Welcome to the second half of the year. I hope you enjoyed a relaxing half-term break.
The past ten days or so have been notable for the wonderful weather, which has been enjoyable for all of us but must signal irrefutably that alarm over climate change is justifiable.
I was slightly dismayed in the final week before half term to receive a communication from the National Association of Headteachers advising heads not to permit children to take time out of school to protest at climate change on Friday 15th of February.
For us it was a staff training day and children were on half term, but had it not been and had I been asked by parents or children if I would have permitted absence to take part in this event, I would certainly have said yes.
The spokesman for Number 10 said that such action “wastes lesson time” and “increases teacher workload”.
There was of course a great deal of debate in the media about the appropriateness of allowing active political engagement on a school day and the importance of being in school in term time, about the likelihood of children and young people being aware enough to be so engaged, and about whether permission to attend, if given, reflected a failure to fulfil one’s duties as Headteacher to ensure attendance and to present politics in an unbiased way.
So how would I respond were a roving reporter to come to St Michael’s Prep?
Well to the question of allowing political engagement on a school day I would say that it is a fact that learning takes many, many forms and is not restricted to “lesson times”. Of course I don’t believe that missing school is something that I should condone. Participation in concerts, foreign travel, local survey and mapping work, library visits, walking through forests, counting birds for the Big Schools’ Birdwatch, organising and running events to raise money for charity are all moments of intense and memorable learning for children at school in the 21st century and they all take place with everyone’s approval in “lesson time” and many of these are certainly not in school.
No one would say that in doing any of these activities that this “wastes lesson time” nor would they say that they shouldn’t take place because the child should be in school.
So yes, I endorse children participating in such a momentous collective protest because I know that there is a powerful sense of exhilaration and connectivity when you belong to a large crowd with a common purpose, whether it be cheering competitors in a football crowd, waving torches and singing at Young Voices concerts or marching towards a civic centre to meet those responsible for decision making in order to bring about change to protect the planet. It’s powerful stuff.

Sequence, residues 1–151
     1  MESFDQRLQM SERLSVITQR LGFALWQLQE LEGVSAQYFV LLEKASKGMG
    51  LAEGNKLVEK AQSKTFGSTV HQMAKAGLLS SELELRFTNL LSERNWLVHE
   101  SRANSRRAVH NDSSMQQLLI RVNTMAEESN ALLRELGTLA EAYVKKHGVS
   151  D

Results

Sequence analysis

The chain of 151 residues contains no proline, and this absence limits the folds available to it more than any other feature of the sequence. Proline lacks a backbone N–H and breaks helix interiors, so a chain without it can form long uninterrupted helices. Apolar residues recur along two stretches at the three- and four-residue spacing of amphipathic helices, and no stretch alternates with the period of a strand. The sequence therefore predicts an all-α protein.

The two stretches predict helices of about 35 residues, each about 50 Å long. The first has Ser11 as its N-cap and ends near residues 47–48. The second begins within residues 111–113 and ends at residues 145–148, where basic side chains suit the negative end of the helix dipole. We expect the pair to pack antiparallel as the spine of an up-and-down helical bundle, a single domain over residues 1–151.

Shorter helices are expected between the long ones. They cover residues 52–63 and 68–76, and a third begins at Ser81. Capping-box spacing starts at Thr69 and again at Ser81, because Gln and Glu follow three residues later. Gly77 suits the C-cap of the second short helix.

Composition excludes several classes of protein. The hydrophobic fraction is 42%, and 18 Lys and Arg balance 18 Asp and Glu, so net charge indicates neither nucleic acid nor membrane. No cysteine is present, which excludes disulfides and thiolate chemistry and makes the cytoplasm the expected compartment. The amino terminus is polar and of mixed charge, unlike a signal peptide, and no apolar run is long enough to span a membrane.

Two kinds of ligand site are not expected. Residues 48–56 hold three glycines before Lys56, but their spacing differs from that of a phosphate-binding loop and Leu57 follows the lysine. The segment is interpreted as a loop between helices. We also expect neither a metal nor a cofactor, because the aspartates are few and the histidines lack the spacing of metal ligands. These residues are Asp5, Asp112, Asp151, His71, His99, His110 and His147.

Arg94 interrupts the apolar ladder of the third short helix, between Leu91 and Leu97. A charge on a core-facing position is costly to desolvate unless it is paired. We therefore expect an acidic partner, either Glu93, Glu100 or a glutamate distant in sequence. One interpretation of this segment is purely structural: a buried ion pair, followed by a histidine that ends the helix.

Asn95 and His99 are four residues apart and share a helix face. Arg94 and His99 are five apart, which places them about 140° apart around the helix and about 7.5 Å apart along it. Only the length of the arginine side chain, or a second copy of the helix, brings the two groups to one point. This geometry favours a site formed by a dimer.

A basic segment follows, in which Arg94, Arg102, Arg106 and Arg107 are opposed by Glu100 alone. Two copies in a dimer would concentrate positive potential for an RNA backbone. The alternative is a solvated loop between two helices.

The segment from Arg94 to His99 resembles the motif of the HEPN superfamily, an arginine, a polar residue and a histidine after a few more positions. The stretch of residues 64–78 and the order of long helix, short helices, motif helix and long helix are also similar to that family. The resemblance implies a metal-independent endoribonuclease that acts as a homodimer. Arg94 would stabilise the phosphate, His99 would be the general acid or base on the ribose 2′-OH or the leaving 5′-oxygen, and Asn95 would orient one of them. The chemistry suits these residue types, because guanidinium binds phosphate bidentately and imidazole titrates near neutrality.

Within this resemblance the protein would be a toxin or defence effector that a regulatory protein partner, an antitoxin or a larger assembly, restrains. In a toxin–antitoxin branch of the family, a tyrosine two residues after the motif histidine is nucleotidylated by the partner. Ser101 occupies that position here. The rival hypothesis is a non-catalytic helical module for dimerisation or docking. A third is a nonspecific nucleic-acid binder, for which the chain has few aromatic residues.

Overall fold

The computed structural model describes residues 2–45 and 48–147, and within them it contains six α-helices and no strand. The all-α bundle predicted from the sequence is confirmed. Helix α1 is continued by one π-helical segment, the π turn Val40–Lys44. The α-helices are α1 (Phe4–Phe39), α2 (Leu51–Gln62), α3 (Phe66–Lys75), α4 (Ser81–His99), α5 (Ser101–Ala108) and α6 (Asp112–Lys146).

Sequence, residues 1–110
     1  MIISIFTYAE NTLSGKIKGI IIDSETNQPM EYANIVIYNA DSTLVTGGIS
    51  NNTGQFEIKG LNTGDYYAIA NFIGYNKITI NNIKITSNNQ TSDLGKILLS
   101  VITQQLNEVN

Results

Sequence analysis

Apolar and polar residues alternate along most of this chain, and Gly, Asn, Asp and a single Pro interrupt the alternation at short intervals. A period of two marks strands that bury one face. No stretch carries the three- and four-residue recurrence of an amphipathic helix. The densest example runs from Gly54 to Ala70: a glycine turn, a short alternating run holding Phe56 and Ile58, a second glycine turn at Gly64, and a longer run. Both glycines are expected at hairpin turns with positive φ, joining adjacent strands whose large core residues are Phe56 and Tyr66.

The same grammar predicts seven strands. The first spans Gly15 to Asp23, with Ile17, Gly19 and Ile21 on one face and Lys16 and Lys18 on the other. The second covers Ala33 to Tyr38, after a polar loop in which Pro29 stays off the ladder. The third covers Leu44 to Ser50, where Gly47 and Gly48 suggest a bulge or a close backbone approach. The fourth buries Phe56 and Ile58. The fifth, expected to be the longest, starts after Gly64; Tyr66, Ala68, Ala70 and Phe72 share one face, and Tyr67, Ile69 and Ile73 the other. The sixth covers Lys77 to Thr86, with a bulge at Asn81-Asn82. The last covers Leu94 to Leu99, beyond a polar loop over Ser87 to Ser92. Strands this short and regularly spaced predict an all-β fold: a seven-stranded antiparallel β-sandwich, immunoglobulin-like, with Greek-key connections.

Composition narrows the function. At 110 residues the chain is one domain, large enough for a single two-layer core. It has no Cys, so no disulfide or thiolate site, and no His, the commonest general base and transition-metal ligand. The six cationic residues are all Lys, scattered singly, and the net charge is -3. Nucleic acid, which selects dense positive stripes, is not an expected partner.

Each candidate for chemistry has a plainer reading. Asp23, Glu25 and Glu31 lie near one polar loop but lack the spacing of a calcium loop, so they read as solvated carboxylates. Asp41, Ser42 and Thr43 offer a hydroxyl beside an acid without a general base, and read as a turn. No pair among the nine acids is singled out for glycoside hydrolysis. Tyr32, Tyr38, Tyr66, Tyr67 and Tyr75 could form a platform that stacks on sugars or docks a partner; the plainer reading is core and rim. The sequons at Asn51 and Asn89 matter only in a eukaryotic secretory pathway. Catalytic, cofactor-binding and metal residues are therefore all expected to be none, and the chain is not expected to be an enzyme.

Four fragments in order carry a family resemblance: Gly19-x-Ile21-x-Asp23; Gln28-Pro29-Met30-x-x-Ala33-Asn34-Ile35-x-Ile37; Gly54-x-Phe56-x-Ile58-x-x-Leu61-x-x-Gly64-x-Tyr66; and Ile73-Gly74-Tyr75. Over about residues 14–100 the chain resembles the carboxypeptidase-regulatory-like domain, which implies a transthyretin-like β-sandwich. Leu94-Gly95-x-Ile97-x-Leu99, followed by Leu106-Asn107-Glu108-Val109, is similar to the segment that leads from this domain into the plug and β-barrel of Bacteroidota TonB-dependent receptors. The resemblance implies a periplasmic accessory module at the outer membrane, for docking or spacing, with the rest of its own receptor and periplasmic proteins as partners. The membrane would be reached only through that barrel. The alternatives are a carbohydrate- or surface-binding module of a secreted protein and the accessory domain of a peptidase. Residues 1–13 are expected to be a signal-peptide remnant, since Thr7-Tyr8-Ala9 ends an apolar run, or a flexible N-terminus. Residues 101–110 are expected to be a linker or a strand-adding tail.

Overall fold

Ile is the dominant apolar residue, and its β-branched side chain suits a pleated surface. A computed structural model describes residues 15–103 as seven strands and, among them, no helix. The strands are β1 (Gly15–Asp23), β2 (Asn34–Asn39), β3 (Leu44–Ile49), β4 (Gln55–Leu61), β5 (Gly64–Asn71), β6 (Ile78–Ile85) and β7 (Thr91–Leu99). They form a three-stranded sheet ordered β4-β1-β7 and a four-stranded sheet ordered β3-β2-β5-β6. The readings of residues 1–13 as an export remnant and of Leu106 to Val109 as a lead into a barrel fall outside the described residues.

The second argument suggesting that young people cannot fully understand the nature of the predicament of the world or the appropriateness of peaceful protest fails to acknowledge the truth about the young people of today. The young people I work with are wise and savvy, creative and interested, passionate and engaged and they deserve to be heard by those at the very top of our political systems. In fact, I know that those at the top could learn a great deal from them. Failure to seek the views of young people or to give them any credit for their views is completely unacceptable.
Our national curriculum teaches children to respect leaders who changed the law through pursuing passionate protest to improve the world, whether Rosa Parks and her part in the Bus Boycott or Nelson Mandela’s fight for the end to apartheid in South Africa and many more besides. Pedagogically we know that powerful learning is learning by doing.
So I’m sorry we were already on half term that day and that I couldn’t officially join the ranks of those who encouraged and facilitated pupil participation in that action, not because it’s a party political issue but because it is a global issue of immense importance.
What more urgent issue is there to secure a successful future for our children than to make sure that the water and the air and the land remain able to support our population?
The children of today are struggling to understand how adults have let this happen. They are struggling to understand why world leaders permit pollution, the devastation of forests and habitats, the invasive presence of microplastics in all the elements. They are struggling to understand why, when scientists measure and evidence the impact of the melting of the polar ice cap, nobody has come up with a solution to stop this from getting worse.
And of course the only way that we will ever solve this problem that man has created is to work together with people in other countries, understand each other, connect with each other, make rules about how we should live and work together and look after our planet together and stick to these rules and teach values way, way beyond those currently called “British” and required by our inspectorate.
If I prevented pupils from engaging in any action that might make a difference, that is when I would be failing in my duties as a Headteacher.
I hope you have a wonderful weekend.